NBR (Nitrile), chemically, is a copolymer of butadiene and acrylonitrile. Acrylonitrile content varies in commercial products from 18% to 50%. As the NBR content increases, resistance to petroleum base oils and hydrocarbon fuels increases, but low temperature flexibility decreases.
NBR parts should be kept from direct sunlight. However, this can be improved through compounding. NBR is the standard material for hydraulics and pneumatics. NBR resists oil-based hydraulic fluids, fats, animal and vegetable oils, flame retardant liquids (HFA, HFB, HFC), grease, water, and air.
Special low-temperature compounds are available for mineral oil-based fluids. By hydrogenation, carboxylic acid addition, or PVC blending, the nitrile polymer can meet a more specified range of physical or chemical requirements.
The quality of Nitrile-compounds depends on the percentage of acrylonitrile in the base polymer.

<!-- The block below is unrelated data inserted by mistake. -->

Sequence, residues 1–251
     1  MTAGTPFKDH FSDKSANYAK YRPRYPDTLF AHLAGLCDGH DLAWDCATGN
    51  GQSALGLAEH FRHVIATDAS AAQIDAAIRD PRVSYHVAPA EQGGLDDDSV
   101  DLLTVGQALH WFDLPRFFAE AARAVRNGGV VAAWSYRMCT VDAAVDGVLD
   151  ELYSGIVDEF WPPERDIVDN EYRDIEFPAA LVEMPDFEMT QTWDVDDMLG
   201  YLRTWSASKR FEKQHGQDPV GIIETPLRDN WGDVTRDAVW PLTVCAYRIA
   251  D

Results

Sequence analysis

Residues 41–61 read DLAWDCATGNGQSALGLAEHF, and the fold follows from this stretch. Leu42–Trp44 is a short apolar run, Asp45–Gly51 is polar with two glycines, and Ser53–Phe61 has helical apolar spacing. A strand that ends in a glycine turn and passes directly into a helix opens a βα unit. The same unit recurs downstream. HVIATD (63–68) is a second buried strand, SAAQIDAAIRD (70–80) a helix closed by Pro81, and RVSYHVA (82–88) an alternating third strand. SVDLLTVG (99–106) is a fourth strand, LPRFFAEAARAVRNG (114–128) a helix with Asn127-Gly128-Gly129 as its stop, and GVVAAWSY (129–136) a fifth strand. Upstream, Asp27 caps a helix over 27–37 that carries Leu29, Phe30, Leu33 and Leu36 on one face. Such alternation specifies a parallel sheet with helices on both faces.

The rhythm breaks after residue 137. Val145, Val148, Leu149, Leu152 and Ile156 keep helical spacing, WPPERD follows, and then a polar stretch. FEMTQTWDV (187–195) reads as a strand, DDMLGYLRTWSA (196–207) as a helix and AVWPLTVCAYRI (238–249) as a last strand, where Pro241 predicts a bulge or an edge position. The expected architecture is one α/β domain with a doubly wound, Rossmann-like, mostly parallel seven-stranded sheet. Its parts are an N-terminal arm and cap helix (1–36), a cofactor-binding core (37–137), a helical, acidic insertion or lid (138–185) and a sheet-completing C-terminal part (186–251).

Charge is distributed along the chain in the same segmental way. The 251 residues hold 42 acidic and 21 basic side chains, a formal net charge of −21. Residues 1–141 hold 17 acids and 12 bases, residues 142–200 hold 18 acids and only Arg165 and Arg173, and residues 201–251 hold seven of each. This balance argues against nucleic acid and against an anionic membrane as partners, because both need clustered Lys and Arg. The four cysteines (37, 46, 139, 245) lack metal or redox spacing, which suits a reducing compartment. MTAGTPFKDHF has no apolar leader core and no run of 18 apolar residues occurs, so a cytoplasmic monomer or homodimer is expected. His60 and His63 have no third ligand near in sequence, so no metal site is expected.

ue to its excellent resistance to petroleum products, and its ability to be compounded for service over a temperature range of -35°C to +120°C (-30°F to +250°F), Nitrile /NBR is the most widely used elastomer in the seal industry today. Also many military rubber specifications for fuel and oil resistant O-rings require nitrile based compounds.
It should be mentioned that to obtain good resistance to low temperature, it is often necessary to sacrifice some high temperature resistance.
Nitrile compounds are superior to most elastomers with regard to compression set, tear, and abrasion resistance.
Nitrile compounds do not possess good resistance to ozone, sunlight, or weather. They should not be stored near electric motors or other ozone generating equipment.